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White Sox 5, Rangers 2: Chris Sale holds off Texas until homers arrive

Conor Gillaspie, Alejandro De Aza open lead in seventh to push Sale to third victory, end three-game losing streak

"Please don't touch me."
"Please don't touch me."
Ronald Martinez

What looked like a replay of Tuesday night turned into what passes as a convincing victory for the White Sox these days.

Conor Gillaspie opened the seventh with a homer of Nick Tepesch to break a 2-2 tie, and after a Tyler Flowers single, Alejandro De Aza also put one over the fence in the right-field corner to provide a cushion that Chris Sale and the bullpen wouldn't need. Sure, they tying run came to the plate in the eighth and ninth innings, but Jesse Crain, Matt Thornton and Addison Reed escaped unscathed to end a three-game skid.

(And Reed gets points for making his jam hilarious. He hit A.J. Pierzynski on the elbow with an up-and-in pitch -- and an elbow armor dip from Pierzynski -- with two outs and nobody on. Ian Kinsler followed with a single, but Elvis Andrus swung over a slider to end it.)

The Sox needed this victory, if only because the pitching matchup was in their favor tonight. After losing a Yu Darvish-Jose Quintana bill, Sale prevailed over the surprising rookie Tepesch.

Sale turned a rough night into a gem. He labored through the second inning, throwing 34 pitches while escaping with just two runs allowed. It could have been much worse.

Sale had just been handed a 2-0 lead in a typical White Sox fashion. Alex Rios drove in Alejandro De Aza with a single in the first, then was picked off. Then they loaded the bases on Nick Tepesch with nobody out, and the only run came in on a Flowers 6-4-3 double play. Nevertheless, it was a cushion, and it disappeared in short order in the bottom of the inning.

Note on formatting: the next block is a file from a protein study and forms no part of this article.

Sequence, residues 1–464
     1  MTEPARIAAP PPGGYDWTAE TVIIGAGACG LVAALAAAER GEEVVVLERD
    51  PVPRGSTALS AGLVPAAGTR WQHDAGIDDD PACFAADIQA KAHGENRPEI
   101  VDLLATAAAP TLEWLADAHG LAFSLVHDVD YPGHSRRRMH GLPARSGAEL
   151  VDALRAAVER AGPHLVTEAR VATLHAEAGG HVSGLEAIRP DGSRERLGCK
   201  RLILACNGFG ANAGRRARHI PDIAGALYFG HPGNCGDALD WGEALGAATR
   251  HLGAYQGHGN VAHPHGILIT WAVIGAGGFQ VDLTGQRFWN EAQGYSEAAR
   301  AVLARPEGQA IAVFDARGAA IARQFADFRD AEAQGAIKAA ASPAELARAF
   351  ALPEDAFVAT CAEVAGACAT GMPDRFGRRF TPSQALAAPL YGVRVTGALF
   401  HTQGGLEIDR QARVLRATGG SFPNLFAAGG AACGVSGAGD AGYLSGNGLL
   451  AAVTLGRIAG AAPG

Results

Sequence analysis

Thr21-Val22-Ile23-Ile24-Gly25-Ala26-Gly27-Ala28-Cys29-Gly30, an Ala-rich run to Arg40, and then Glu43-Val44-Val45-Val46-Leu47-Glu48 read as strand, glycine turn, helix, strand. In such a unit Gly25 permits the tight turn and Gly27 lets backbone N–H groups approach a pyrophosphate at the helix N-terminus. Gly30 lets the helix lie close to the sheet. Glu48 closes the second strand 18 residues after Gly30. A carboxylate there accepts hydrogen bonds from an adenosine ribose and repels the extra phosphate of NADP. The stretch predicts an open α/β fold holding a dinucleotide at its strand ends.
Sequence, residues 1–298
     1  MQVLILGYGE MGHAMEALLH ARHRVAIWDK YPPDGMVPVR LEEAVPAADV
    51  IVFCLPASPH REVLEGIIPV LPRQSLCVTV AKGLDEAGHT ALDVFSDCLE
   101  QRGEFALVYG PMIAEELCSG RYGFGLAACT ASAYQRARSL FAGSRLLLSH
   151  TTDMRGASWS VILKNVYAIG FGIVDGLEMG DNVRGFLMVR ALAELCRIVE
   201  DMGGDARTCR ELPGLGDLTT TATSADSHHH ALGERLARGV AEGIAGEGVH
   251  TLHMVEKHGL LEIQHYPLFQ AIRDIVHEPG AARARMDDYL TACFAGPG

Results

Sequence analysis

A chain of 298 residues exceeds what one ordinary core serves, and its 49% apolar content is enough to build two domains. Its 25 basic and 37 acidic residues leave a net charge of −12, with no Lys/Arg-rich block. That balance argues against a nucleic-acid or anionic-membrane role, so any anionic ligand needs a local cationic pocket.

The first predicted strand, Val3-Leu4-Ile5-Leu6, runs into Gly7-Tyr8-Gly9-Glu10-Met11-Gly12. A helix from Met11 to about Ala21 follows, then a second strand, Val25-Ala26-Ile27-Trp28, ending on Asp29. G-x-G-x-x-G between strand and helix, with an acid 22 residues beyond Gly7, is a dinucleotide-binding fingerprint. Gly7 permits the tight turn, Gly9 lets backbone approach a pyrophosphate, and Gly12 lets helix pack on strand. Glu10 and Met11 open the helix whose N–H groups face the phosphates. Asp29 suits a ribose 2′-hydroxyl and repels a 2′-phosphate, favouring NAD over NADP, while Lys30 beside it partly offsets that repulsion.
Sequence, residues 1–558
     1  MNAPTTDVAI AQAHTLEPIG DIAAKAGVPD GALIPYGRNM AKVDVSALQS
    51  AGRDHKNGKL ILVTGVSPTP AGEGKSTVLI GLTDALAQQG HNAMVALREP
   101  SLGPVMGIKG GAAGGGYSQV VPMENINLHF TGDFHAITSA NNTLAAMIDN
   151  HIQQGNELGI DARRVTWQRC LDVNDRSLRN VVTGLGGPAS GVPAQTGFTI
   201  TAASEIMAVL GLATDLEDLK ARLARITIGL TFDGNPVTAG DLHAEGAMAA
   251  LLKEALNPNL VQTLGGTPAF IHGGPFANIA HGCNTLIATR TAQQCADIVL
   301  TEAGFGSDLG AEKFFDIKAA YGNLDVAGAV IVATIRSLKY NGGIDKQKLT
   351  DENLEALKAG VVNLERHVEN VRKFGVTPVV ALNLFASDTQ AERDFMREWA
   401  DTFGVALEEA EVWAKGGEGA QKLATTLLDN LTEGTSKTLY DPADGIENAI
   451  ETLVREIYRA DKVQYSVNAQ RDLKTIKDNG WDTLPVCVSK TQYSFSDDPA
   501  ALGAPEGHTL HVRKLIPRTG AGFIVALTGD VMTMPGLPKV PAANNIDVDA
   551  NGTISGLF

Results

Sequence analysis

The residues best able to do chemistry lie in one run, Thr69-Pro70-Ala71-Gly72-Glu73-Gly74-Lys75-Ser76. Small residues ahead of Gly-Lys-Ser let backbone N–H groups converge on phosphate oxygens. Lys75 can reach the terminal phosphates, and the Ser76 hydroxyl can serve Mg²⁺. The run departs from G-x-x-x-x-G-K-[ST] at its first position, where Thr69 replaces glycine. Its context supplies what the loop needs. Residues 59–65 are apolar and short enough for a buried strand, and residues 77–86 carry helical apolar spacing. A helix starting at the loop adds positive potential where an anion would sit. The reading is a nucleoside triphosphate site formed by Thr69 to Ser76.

Jeff Baker struck the first blow with a one-out solo shot, and the next three batters reached on a walk, single, and single. Ian Kinsler then came up with the bases loaded and hit a fly ball to deep left field. Mitch Moreland (on third) and Geovany Soto (on second) both held up to see if De Aza could catch it, but De Aza ended up playing it off the wall. Only Moreland could score, and that tied the game at 2 with the heart of the order coming up.

Sale complicated matters further by falling behind Elvis Andrus 3-0. Andrus made him throw strike one, fouled off four straight, and then swung over ball four for the second out. Sale then got Lance Berkman to ground into a fielder's choice to end the inning.

That Andrus at-bat proved to be the fulcrum of Sale's evening, as Sale went from ruining a 2-0 lead to taking charge of the night. He finished his night retiring 16 of the last 18, staying on the attack with his fastball, and calming down enough to get backdoor sliders. He ended up allowing the two runs on six hits and two walks over seven innings with seven strikeouts. Adrian Beltre was the victim for two of them, including a rather humorous backwards K when Beltre called for time, then walked out of the box assuming Fieldin Culbreth would grant it. Culbreth did not, and Sale threw a changeup down the middle for strike three as Beltre's back was turned.

Bullet points:

  • The Sox played errorless ball, which shouldn't be a bullet point at this point in the season, but hey. Gillaspie made the best play with a sweet pick charging a tough chopper by Craig Gentry.
  • Pitchers helped their cause. Sale started a 1-6-3 double play, and Thornton made a barehanded grab on a chopper that almost cleared his head to strand two in the eighth inning.

Record: 11-15 | Box score | Play-by-play | Highlights